"So, the questions are: is the move to tubes the best option and, if so, what might be some reasonably priced amps that could accomplish the goal."

There's no guarantee that tubes will help. They can be bright just like SS. I would focus on getting the right gear regardless of whether its tube or SS. Also, just getting something that sounds rolled off/warm, probably fix your problem. I think your issue is more of a timbre/refinement problem in the high frequencies. For example, a cymbal can often sound like a harsh noise, and not a cymbal. If you can correct HF problems like that, you should be able to listen to your system.
Wolcott "The Presence"(& later 220M/P280) amplifiers were supposedly designed specifically to drive difficult loads like electrostats.

Here is a Enjoy The Music review where The Presence are thrown at Sound Lab A-1's and their very difficult 40 to 0.8 ohms load. The also do well driving Apogees

Henry Wolcott passed away a couple of years ago, I think. But, you can still find the amps for sale used in great condition. They don't use any exotic tubes, just 6550's. and are supposedly bullet-proof
Broadstone,

Thanks, I now understand better I think. I do have another question though. With piano at the higher register does the sound just become harsh or does it also break up, slightly distort? From what you say, the latter does not seem to be the case.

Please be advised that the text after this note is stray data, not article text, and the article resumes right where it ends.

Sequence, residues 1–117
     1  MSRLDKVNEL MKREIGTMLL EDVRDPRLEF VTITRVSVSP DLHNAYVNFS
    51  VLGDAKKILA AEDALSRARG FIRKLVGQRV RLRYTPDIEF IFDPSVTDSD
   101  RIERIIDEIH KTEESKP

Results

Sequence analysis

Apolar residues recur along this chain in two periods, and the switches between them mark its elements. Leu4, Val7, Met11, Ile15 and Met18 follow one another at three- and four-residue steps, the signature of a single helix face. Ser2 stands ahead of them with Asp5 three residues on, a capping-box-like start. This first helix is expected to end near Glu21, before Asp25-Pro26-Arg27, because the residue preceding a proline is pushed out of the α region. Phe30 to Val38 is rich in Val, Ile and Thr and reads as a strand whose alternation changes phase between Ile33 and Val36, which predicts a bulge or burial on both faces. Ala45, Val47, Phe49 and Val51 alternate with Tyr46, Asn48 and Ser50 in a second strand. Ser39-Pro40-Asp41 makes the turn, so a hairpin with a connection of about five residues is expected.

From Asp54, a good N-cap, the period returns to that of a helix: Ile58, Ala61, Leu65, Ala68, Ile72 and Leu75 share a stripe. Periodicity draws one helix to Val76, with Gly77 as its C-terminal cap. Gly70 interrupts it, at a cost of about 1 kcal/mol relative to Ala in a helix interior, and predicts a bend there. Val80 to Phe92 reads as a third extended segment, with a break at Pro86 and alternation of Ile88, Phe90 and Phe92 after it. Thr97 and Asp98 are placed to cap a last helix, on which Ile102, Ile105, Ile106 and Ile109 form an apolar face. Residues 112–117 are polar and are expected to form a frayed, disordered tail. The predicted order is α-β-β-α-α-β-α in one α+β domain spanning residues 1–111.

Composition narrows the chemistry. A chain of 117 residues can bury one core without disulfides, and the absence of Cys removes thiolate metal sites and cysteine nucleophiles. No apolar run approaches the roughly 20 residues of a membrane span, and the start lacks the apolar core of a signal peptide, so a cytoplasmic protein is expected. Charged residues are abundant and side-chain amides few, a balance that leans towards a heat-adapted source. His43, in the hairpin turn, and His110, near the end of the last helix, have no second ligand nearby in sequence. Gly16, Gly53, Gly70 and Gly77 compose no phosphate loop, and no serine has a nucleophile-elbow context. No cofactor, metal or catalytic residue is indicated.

I have been using stators, like you, for over 40 years and have tried many forms of amplification, settling finally with Atma-Sphere, which contrary to the Wolcott mentioned above, never gave me any trouble. The Wolcott sounded great, but alas, my unit was anything else but bullet proof. VAC, BAT, VTL and Manleys are all good choices to my ears. 60 watts should do you fine. Peronally I don't think amps from Audio Research would solve your problem. If possible I would try before I buy. .
ZD, you summarized my inquiry better than I and hit on one of the issues that has been in the forefront of my thinking, the factors associated with timbre. Even with my age related hearing issues, in my uneducated way I still believe that those frequencies that are beyond audible have some importance in overall sonic quality. To some extent I was able to demonstrate this when I added the EQ's. When setting them up I used my audiogram to establish a baseline slope. In this exercise I pretty much ignored adjusting those frequencies above about 8000hz because they were beyond my audible range. At first I thought that the equalizers compromised my sense of timbre which is one of the most important factors in my listening enjoyment. Before I removed them from the system, though, I continued messing with them and discovered that boosting those frequencies above my way upper limits improved the sound to the extent that even I recognized it. You also mentioned that tube amps, out of hand,are not necessarily the answer because some can also be bright, a fact that I had already discovered a couple of years ago when I traded my Rogue Audio Sphinx for an integrated tube amp which was so bright sounding that I kept in the system for only 2 weeks.